At this rate, there will be more pop culture-branded versions of Munchkin than of Monopoly.
In February 2018, Steve Jackson Games is releasing a collectible card game based on its popular Munchkin non-collectible game card game.
Not sure how well the humorous Munchkin vibe will translate to CCG fans. Obviously the game has sold a ton of cards in its various base sets and expansions, but I’m not sure Munchkin is the sort of game that people want to play in a CCG format.
Steve Jackson Games has created a Munchkin Level Counter app for the iPod Touch and iPhone. The app not only provides a helpful level counter to keep track of your progress, but also includes a “Boon” option which the player can use once per game and awards one of 150 in-game advantages such as treasure or yet another way to stab your friends in the back.
A bit pricey at $4.99, but I’m sure they’ll sell plenty of these.
I’ve managed to pick up most of the Munchkin bookmarks at various Cons, but I seriously need this Munchkin Cthulhu Bookmark of Udder Ridiculousness for my collection. The rules for this one are hilarious,
- You may play this bookmark whenever you are in combat.
- Show everyone the bookmark so they are alerted to the ridiculousness to come.
- Hand any other player at the table a book from the Cthulhu Mythos, and close your eyes.
- The player hands the book back to you. Without opening your eyes, insert this bookmark into the book.
- Without opening the book, guess what page number the color side of the bookmark is facing. If your guess is within 25 pages of the bookmark?s actual location, you gain a one-time combat bonus equal to the page number.
- Somewhere in here, you should open your eyes again, unless you WANT to play the rest of the game with them closed.
- If you actually pulled this nonsense off, and gained the one-time combat bonus, congratulations! You are now a Cultist (if a card is available). If you were already a Cultist, you go up a level! This cannot be the winning level.
Steve Jackson games once again published its annual look back at its own successes in the previous year, which also happens to be a fascinating insight into the status of the games industry in general.
Not surprisingly, pen-and-paper RPGs continue to make up a shrinking proportion of SJ Games’ sales, replaced by its Munchkin line of card/board games,
Our 2008 gross was a bit over $2.9 million, only a small increase over 2007. However, it was considerably more profitable than 2007. . . . The Munchkin line, including the new Munchkin Quest boardgame, accounted for almost exactly 75% of our sales in 2008!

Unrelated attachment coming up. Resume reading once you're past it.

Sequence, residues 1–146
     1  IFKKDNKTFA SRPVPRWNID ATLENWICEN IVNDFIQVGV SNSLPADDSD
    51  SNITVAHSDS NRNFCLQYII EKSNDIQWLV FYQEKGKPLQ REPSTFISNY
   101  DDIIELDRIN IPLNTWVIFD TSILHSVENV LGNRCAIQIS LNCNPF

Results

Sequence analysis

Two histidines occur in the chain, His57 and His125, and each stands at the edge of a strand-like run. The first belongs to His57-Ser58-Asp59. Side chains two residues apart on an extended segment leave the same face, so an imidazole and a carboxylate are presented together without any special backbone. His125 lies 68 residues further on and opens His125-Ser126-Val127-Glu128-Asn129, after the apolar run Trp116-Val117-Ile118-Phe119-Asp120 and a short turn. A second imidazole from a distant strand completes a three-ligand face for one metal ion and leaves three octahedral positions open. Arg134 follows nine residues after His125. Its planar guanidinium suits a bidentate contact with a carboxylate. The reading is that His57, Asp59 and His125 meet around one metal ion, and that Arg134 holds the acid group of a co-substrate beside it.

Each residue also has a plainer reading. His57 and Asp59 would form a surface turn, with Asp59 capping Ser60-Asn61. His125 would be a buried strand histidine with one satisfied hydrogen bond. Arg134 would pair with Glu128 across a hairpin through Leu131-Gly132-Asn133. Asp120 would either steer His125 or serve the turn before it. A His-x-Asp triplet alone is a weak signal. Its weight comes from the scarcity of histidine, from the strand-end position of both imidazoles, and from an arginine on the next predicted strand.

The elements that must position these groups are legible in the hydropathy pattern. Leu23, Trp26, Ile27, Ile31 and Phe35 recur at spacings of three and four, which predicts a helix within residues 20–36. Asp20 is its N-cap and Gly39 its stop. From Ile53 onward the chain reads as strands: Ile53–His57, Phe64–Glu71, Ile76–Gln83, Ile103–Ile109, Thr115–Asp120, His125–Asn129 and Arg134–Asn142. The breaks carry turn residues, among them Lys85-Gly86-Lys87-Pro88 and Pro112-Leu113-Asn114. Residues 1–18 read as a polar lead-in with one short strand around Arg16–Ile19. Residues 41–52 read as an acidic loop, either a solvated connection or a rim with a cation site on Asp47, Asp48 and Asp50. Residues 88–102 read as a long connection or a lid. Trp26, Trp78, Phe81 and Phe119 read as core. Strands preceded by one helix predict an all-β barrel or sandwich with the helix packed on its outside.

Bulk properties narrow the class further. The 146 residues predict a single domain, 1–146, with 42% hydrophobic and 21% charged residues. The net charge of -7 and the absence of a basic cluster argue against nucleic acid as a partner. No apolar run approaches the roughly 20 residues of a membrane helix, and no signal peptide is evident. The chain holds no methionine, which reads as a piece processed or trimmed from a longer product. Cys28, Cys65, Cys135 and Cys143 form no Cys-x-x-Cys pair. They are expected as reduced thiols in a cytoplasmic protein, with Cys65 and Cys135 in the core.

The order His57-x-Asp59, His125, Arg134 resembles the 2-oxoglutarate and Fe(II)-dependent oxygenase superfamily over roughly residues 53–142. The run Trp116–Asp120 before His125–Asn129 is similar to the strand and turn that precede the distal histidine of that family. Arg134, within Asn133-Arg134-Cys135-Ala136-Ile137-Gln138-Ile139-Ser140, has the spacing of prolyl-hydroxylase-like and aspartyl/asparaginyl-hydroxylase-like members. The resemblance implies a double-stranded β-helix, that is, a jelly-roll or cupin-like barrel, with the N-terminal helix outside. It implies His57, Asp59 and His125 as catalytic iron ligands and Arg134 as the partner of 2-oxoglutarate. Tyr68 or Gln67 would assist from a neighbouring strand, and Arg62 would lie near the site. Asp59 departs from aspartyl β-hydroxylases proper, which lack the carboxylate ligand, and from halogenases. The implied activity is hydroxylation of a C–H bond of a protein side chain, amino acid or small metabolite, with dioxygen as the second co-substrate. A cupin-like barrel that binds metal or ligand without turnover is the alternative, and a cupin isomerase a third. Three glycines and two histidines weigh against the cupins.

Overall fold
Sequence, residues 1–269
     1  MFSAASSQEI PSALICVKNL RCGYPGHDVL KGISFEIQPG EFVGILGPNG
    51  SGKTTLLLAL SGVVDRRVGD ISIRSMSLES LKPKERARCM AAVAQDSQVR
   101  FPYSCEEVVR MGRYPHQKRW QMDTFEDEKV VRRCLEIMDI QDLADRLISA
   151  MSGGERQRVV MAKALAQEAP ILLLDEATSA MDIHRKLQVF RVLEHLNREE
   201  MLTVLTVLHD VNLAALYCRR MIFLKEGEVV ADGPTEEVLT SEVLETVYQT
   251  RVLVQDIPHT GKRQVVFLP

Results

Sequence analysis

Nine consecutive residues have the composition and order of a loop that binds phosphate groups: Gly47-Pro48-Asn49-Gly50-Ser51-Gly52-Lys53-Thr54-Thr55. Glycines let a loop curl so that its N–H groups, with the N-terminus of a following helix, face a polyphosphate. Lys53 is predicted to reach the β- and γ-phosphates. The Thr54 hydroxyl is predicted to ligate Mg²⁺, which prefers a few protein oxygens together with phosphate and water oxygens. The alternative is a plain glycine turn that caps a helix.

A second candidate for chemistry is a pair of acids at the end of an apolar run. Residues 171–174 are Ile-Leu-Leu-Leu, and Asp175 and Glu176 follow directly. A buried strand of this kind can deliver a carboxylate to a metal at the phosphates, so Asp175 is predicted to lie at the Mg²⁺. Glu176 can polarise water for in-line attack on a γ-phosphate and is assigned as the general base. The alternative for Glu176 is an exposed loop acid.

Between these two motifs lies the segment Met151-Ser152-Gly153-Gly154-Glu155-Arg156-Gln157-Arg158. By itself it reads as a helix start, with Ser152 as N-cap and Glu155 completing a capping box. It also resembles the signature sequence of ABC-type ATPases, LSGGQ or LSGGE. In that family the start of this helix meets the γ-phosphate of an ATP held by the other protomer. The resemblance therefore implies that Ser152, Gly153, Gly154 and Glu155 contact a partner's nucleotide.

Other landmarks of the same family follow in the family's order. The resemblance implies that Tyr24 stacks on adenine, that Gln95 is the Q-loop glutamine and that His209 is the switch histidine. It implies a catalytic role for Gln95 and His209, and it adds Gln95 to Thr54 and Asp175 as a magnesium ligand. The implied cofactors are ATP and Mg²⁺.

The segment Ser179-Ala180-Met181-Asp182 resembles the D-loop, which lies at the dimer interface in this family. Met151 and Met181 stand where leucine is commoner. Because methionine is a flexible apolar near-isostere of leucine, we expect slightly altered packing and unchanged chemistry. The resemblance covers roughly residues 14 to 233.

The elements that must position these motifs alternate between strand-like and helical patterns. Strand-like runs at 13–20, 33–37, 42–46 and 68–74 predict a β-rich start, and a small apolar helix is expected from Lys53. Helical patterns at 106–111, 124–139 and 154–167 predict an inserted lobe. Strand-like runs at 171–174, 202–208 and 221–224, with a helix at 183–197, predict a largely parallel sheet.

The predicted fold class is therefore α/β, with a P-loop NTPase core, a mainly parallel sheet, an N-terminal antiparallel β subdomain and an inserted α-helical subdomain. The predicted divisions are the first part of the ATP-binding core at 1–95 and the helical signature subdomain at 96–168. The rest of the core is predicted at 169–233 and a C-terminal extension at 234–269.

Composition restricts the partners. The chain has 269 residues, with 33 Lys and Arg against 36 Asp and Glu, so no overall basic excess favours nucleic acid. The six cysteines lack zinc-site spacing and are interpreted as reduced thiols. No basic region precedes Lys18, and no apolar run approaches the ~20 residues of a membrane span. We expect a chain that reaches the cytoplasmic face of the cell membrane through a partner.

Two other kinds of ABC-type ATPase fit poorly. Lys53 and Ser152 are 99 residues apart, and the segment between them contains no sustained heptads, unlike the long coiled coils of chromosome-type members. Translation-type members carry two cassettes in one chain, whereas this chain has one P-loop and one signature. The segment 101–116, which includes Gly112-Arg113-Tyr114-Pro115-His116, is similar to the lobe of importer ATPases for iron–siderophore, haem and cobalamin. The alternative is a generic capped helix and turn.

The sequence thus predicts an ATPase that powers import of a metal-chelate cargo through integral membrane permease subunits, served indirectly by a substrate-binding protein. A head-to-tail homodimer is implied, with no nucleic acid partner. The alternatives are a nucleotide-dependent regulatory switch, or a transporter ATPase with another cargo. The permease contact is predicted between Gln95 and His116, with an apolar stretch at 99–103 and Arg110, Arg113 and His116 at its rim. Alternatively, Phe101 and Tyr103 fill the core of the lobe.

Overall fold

Jackson reports the company is working on some sort of iPhone app for Munchkin that is “largely coded, and being tested, as you read this.” Can’t wait for that to see what that’s about.
And those pen-and-paper RPGs? Clearly heading toward a largely all-digital sales model,
Our digital-product division, e23, is now four years old, and the second largest seller of downloadable files for the gaming community. Our e23 sales for 2008 were almost twice those of 2007. Our big goal for the year was to release at least 25 significant originals. We had 27!
However, we don’t want e23 to become a pure company store, and we do want to take advantage of the “long tail” effect, so we will continue to sell quality PDFs created by other publishers. At the moment, our third-party contract offers dramatically better royalties than does our competition, and we’ll do our best to continue that.
One the one hand, given all the doom-and-gloom among most content companies about piracy, the pen-and-paper RPG market seems to be getting by with selling non-DRMed PDFs (and it isn’t that the stuff isn’t pirated — it is easy to find all the SJ Games stuff on Torrents or Usenet). On the other hand, you have to wonder if there’s going to be any interest in RPGs much beyond the generations who played pen-and-paper RPGs before the arrival of the compelling computer versions.
Jackson writes in his summary on the state of the industry,
Writing this section was depressing . . . it was a tough year for the hobby. Traditional roleplaying continued to lose popularity, and big boardgames continued to gain, but the weakened state of the world economy is reducing many gamers’ ability to buy the really big games. On the other hand, the drop in oil prices, and that same weakened economy, has staved off further price increases from the Asian factories, so at least those really big games aren’t getting much more costly.
No new game-publishing powers made themselves known in 2008, and we lost WizKids. Late in the year, its parent company, Topps, abruptly announced that the division would be closing. I will miss WizKids; it was the best combination of creativity and strong backing that our hobby had to offer. WK had the “right stuff” to do good games, and the budget to turn them into really cool toys! Our hobby is diminished by its loss.
In fact, supporting GURPS with a couple new hardback releases comes down fifth in Jackson’s list of priorities for 2009, as compared to keeping the Munchkin train rolling and trying to come up with another board/card game hit.